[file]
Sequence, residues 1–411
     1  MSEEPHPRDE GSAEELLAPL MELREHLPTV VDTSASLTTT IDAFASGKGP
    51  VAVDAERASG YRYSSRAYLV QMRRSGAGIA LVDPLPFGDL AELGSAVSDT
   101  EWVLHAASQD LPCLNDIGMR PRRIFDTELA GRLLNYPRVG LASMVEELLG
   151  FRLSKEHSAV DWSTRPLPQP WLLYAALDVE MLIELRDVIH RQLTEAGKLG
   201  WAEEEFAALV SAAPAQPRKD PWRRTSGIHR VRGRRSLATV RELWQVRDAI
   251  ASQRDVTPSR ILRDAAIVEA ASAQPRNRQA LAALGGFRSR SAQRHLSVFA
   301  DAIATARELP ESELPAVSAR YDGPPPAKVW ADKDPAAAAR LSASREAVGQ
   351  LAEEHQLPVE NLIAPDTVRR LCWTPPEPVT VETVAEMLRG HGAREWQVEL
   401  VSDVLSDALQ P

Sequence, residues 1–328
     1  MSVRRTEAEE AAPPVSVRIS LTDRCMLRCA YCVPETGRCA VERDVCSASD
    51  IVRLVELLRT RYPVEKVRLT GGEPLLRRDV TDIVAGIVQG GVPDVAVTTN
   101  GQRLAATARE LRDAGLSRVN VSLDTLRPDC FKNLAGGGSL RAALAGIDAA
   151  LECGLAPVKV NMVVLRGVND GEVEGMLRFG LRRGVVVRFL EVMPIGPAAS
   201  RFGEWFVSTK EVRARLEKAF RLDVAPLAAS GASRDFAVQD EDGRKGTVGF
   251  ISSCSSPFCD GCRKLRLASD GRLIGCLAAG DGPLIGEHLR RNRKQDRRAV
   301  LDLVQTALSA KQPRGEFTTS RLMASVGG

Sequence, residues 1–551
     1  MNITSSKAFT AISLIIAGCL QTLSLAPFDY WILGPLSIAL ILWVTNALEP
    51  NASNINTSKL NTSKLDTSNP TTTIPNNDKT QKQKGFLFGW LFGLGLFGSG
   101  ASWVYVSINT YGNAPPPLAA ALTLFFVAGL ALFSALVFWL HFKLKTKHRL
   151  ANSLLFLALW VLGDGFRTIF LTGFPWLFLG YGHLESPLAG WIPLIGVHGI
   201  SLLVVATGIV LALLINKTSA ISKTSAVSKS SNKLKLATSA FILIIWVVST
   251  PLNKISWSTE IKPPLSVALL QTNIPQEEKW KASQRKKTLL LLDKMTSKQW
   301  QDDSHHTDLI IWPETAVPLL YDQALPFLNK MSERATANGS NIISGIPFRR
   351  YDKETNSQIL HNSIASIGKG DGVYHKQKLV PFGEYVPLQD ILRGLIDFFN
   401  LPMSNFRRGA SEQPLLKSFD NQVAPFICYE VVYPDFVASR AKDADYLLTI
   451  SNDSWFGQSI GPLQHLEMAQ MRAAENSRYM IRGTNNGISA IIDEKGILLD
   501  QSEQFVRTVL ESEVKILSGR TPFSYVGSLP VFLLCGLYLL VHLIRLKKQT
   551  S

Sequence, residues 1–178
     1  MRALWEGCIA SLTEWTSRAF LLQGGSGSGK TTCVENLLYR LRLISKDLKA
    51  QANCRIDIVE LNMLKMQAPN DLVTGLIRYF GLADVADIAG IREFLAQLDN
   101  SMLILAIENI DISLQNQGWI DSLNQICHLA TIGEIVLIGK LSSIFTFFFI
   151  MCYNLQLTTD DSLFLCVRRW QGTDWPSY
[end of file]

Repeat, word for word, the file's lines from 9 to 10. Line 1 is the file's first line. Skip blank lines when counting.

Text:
   351  LAEEHQLPVE NLIAPDTVRR LCWTPPEPVT VETVAEMLRG HGAREWQVEL
   401  VSDVLSDALQ P